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From Apache Wiki <wikidi...@apache.org>
Subject [Hadoop Wiki] Update of "Hbase/PoweredBy" by DaveLatham
Date Fri, 26 Jun 2009 17:49:40 GMT
Dear Wiki user,

You have subscribed to a wiki page or wiki category on "Hadoop Wiki" for change notification.

The following page has been changed by DaveLatham:
http://wiki.apache.org/hadoop/Hbase/PoweredBy

The comment on the change is:
added Flurry, moved OpenPlaces to alphabetical order

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  [http://www.adobe.com Adobe] - We currently have about 30 nodes running HDFS, Hadoop and
HBase  in clusters ranging from 5 to 14 nodes on both production and development. We plan
a deployment on an 80 nodes cluster. We are using HBase in several areas from social services
to structured data and processing for internal use. We constantly write data to HBase and
run mapreduce jobs to process then store it back to HBase or external systems. Our production
cluster has been running since Oct 2008.
+ 
+ [http://www.flurry.com Flurry] provides mobile application analytics.  We use HBase and
Hadoop of all of our analytics processing, and serve all of our live requests directly out
of HBase in our production cluster with billions of rows over several tables.
  
  [http://www.mahalo.com Mahalo], "...the world's first human-powered search engine". All
the markup that powers the wiki is stored in HBase. It's been in use for a few months now.
!MediaWiki - the same software that power Wikipedia - has version/revision control. Mahalo's
in-house editors produce a lot of revisions per day, which was not working well in a RDBMS.
An hbase-based solution for this was built and tested, and the data migrated out of MySQL
and into HBase. Right now it's at something like 6 million items in HBase. The upload tool
runs every hour from a shell script to back up that data, and on 6 nodes takes about 5-10
minutes to run - and does not slow down production at all. 
  
+ [http://www.openplaces.org Openplaces] is a search engine for travel that uses HBase to
store terabytes of web pages and travel-related entity records (countries, cities, hotels,
etc.). We have dozens of MapReduce jobs that crunch data on a daily basis.  We use a 20-node
cluster for development, a 40-node cluster for offline production processing and an EC2 cluster
for the live web site. 
  [http://www.powerset.com/ Powerset (a Microsoft company)] uses HBase to store raw documents.
 We have a ~110 node hadoop cluster running DFS, mapreduce, and hbase.  In our wikipedia hbase
table, we have one row for each wikipedia page (~2.5M pages and climbing).  We use this as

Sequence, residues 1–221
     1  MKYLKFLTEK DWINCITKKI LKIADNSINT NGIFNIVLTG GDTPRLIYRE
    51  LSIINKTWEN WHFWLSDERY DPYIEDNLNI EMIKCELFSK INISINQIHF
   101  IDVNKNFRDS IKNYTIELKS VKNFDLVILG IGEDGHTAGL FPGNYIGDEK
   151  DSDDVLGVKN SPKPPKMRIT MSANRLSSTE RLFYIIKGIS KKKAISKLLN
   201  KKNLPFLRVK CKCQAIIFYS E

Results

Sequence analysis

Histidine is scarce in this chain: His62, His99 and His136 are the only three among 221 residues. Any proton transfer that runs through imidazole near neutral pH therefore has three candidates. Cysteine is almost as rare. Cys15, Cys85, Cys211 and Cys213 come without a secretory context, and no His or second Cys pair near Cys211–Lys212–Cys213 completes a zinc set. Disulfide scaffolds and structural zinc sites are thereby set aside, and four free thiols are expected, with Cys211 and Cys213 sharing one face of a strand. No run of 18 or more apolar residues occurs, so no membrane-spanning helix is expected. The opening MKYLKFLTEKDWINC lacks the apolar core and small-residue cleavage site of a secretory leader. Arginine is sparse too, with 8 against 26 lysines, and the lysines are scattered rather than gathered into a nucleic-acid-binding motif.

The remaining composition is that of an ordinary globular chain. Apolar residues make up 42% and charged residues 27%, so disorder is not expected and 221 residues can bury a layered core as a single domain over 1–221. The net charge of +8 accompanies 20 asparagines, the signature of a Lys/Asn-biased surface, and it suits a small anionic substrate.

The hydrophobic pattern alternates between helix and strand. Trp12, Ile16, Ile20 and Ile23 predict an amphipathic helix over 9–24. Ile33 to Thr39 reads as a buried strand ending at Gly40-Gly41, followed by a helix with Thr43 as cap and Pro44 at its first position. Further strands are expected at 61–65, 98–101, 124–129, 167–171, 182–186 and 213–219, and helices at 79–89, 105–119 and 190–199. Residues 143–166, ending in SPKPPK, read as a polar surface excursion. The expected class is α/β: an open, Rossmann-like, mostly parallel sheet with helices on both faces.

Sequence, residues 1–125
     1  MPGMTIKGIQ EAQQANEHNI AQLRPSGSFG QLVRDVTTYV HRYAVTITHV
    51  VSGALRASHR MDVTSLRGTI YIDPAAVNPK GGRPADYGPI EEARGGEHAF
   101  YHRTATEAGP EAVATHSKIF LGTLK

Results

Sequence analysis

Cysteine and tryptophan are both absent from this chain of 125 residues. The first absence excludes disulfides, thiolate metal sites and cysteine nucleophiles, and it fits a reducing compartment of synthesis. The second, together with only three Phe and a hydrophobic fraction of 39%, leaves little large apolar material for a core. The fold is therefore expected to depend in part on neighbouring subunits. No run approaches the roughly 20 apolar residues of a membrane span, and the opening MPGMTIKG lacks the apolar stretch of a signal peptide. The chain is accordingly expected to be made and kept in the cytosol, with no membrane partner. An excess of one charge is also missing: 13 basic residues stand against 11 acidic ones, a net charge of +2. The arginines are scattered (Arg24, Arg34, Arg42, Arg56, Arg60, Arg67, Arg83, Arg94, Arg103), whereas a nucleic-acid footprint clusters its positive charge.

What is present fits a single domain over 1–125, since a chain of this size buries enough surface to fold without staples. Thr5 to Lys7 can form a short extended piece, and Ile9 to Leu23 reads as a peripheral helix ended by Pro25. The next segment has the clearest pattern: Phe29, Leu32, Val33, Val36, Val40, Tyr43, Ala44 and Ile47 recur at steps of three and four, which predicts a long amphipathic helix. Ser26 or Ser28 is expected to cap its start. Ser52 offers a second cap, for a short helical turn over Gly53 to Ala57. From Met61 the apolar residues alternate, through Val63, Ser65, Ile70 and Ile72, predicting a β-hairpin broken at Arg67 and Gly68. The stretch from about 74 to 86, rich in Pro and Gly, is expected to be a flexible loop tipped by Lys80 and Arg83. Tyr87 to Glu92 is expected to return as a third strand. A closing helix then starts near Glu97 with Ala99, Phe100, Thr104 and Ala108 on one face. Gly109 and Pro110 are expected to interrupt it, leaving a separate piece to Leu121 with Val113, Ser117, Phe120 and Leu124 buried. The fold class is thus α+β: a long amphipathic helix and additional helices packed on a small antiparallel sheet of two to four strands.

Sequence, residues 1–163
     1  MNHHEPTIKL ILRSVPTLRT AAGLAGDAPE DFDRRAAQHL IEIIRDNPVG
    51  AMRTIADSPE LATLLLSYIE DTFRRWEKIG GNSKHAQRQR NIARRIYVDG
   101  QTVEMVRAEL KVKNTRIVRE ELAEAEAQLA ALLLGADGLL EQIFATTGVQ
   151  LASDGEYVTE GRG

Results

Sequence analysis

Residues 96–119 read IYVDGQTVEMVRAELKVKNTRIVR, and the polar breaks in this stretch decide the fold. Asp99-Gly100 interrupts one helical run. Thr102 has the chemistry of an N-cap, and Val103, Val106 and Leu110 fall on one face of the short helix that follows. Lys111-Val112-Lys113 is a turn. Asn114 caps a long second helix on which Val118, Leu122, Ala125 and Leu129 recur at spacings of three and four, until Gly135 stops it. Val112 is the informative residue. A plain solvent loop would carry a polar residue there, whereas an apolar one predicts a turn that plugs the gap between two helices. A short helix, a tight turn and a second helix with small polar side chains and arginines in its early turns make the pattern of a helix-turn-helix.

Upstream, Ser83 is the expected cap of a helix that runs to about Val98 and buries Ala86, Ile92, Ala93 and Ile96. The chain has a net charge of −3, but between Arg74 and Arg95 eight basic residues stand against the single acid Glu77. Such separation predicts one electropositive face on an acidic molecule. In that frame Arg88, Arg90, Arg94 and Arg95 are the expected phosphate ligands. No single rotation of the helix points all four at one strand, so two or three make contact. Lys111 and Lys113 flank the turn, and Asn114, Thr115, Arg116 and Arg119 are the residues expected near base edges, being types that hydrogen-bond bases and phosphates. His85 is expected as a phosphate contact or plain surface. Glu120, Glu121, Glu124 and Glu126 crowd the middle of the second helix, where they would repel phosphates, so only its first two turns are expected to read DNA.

input to our indexing jobs, which are run in hadoop mapreduce.  Uploading the entire wikipedia
dump to our cluster takes a couple hours.  Scanning the table inside mapreduce is very fast
-- the latency is in the noise compared to everything else we do.
  
  [http://www.streamy.com/ Streamy] is a recently launched realtime social news site.  We
use HBase for all of our data storage, query, and analysis needs, replacing an existing SQL-based
system.  This includes hundreds of millions of documents, sparse matrices, logs, and everything
else once done in the relational system.  We perform significant in-memory caching of query
results similar to a traditional Memcached/SQL setup as well as other external components
to perform joining and sorting.  We also run thousands of daily MapReduce jobs using HBase
tables for log analysis, attention data processing, and feed crawling.  HBase has helped us
scale and distribute in ways we could not otherwise, and the community has provided consistent
and invaluable assistance.
@@ -22, +25 @@

  
  [http://www.yahoo.com/ Yahoo!] uses HBase to store document fingerprint for detecting near-duplications.
We have a cluster of few nodes that runs HDFS, mapreduce, and HBase. The table contains millions
of rows. We use this for querying duplicated documents with realtime traffic.
  
- [http://www.openplaces.org Openplaces] is a search engine for travel that uses HBase to
store terabytes of web pages and travel-related entity records (countries, cities, hotels,
etc.). We have dozens of MapReduce jobs that crunch data on a daily basis.  We use a 20-node
cluster for development, a 40-node cluster for offline production processing and an EC2 cluster
for the live web site. 
- 

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